A 'Ground Zero Moment'

Submitted by illuminator on June 12, 2015 - 10:12pm

I recently experienced a fun progression of insights that unfolded in a client's phone session. Consultations often deliver unexpected gifts to my clients — and to me as well. New ideas might become new concepts or useful tools I can use to empower other clients. A little gem from this particular session already proved to be valuable in the few consultations that immediately followed this one.

'Carol' is the disaster relief worker I mentioned in the Preface to Fearless Future. It's through her timeless consciousness — and only hers— that tend to view future disasters. It's the only time I access that sort of information. Because of the way I’ll ‘merge’ with the timeless consciousness of my clients and travel beyond time, in the course of a consultation I'll most often find myself dropping down into potential a positive future moment. In many of Carol’s future moments I find her on assignment at the site of an upcoming disaster.

I read Carol in Chicago on September 4, 2001, one week before the horror of 9/11. Many predictions relating to the event did unfold, however, I can only interpret intuited impressions through my own (positive) filter, and in the context of my own repertoire of experiences. My words fit the events that ensued for Carol, but my interpretations were naturally within an entirely different context.

(Ex: I’d seen Carol on a ship, “Perhaps a cruise ship,” I said, “Maybe you're going on a cruise!” This information took on very different meaning, when one week later she found herself having lunch on the USS Comfort with other co-workers stationed at Ground Zero.)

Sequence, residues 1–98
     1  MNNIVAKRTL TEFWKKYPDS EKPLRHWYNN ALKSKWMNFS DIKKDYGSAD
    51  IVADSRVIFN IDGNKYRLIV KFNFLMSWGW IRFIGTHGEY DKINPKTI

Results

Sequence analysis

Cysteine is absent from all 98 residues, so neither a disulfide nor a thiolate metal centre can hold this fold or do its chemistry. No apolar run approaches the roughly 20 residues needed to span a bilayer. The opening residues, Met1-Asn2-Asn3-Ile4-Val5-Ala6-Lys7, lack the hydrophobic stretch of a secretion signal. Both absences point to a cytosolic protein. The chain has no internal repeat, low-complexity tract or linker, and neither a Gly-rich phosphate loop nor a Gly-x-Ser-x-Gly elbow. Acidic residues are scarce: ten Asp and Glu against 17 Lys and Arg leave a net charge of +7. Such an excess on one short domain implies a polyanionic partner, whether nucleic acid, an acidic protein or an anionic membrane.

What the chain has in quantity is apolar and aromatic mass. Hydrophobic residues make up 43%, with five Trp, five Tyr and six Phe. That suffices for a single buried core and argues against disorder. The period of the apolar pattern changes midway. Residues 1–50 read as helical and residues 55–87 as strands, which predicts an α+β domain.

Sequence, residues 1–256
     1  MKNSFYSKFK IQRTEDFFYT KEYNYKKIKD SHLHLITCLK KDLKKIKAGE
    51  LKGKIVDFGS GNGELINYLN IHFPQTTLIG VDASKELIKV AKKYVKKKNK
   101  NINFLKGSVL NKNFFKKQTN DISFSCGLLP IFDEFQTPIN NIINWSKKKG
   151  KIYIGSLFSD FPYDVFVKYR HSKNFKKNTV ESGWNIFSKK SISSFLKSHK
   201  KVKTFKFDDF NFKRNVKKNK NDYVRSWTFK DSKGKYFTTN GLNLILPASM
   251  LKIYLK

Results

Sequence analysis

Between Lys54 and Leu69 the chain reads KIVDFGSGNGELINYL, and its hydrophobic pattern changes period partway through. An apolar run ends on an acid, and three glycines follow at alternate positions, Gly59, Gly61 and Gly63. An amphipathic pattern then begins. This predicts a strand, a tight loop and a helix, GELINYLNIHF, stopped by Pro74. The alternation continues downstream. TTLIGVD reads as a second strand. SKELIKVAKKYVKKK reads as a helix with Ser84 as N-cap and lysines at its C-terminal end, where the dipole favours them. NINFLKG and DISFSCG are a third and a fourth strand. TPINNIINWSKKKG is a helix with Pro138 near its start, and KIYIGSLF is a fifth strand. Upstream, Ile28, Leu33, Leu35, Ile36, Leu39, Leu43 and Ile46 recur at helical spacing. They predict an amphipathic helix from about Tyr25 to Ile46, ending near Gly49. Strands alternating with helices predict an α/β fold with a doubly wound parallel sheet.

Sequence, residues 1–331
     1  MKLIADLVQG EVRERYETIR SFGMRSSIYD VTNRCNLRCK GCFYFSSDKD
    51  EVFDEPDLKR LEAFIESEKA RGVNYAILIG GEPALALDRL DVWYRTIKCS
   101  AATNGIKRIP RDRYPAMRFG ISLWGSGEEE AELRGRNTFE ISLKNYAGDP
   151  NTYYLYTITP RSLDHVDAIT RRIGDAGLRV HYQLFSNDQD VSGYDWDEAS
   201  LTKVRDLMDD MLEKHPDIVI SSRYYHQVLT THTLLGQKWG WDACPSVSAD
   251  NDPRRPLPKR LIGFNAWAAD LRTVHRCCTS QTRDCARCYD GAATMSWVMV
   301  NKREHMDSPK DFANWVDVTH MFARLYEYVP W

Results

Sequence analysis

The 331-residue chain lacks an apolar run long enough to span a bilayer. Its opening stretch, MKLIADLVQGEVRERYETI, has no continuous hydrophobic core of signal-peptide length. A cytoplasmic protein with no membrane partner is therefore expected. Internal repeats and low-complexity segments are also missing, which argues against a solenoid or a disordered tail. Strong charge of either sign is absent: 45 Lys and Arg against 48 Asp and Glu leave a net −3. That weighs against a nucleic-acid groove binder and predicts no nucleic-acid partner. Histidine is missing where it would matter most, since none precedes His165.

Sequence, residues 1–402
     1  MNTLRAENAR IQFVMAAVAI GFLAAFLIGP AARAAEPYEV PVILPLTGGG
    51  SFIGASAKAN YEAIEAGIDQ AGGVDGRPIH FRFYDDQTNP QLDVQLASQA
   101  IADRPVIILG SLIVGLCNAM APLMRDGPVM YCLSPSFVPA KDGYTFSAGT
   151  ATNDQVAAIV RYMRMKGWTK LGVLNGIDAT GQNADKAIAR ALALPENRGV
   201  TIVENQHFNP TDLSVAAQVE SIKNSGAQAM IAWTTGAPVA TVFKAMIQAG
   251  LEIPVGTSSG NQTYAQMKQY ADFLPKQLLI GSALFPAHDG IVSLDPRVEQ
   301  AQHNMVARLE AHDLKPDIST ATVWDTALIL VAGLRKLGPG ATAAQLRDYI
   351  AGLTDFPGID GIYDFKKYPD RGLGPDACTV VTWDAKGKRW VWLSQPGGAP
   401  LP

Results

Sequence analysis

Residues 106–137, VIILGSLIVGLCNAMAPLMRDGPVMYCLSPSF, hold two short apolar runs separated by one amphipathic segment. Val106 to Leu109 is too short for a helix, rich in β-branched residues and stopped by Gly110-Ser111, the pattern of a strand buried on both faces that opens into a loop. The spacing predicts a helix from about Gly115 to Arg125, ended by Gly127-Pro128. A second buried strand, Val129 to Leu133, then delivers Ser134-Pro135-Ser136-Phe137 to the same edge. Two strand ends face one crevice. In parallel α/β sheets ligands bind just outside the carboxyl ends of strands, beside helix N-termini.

I’ve observed over the years how Carol continues to grow spiritually from her life challenges. She’s becoming increasingly more practiced at shifting into ‘observer mode’ to watch where her thoughts are taking her, especially when she gets pulled into a tailspin of fear, or finds herself caught in a relentless, obsessive ’thought loop.” She's learning how to re-route those thoughts and re-frame situations to manifest more positive future outcomes.

In Carol’s recent session she shared with me a poignant observation, a pattern that seems to occur toward the end of any of her given assignments, one that’s not an uncommon issue for people in the workplace. She starts to feel fearful and insecure at her job as the future becomes more unpredictable. Sometimes she perceives her co-workers and employers as though working against her.

As Carol talked about those fears at the start of her session, I felt compelled to move to a moment in her past, one in which she felt loved, useful, effective, appreciated, connected. I can usually access specific past moments for clients, and as I proceeded to do for Carol. However, she went there herself (beyond time) to the perfect past moment! "It was at Ground Zero!" she exclaimed.

She said it was a particular day when she walked into her team’s office space, everyone standing around for their usual meeting. Someone announced that Carol had pushed through some daunting bureaucratic red tape, successfully enabling them all to move forward with their work. There had been a lot of frustration caused by a logjam of news releases and the flow of supplies. Suddenly, everyone applauded Carol’s efforts, an unexpected acknowledgment that came as a complete a surprise to her.

More than that specific moment representing (what I call) 'ego fluff,’ Carol said it was one in which she felt as though the outside world was confirming the purposefulness of her mission on Planet Earth, helping to heal and elevate others to a more authentic, unified frequency.

"That’s it!" I replied. “That’s the moment you need to feed with your thoughts when they stray (or yank you) into fear or doubt. It’s essentially creating a new response to an old trigger — that old thought pattern!”

Carol now knows that this cycle of fear and doubt is likely to arise toward the end of any given assignment. She now knows to do her best to divert those thoughts back to her “Ground Zero Moment” — and eventually, the emotion from those few brief minutes of acknowledgment — confirmation of 'job well done!' — are sure to override intruding fears and position her to be facing her best, most joyful future!

What’s your retrievable moment?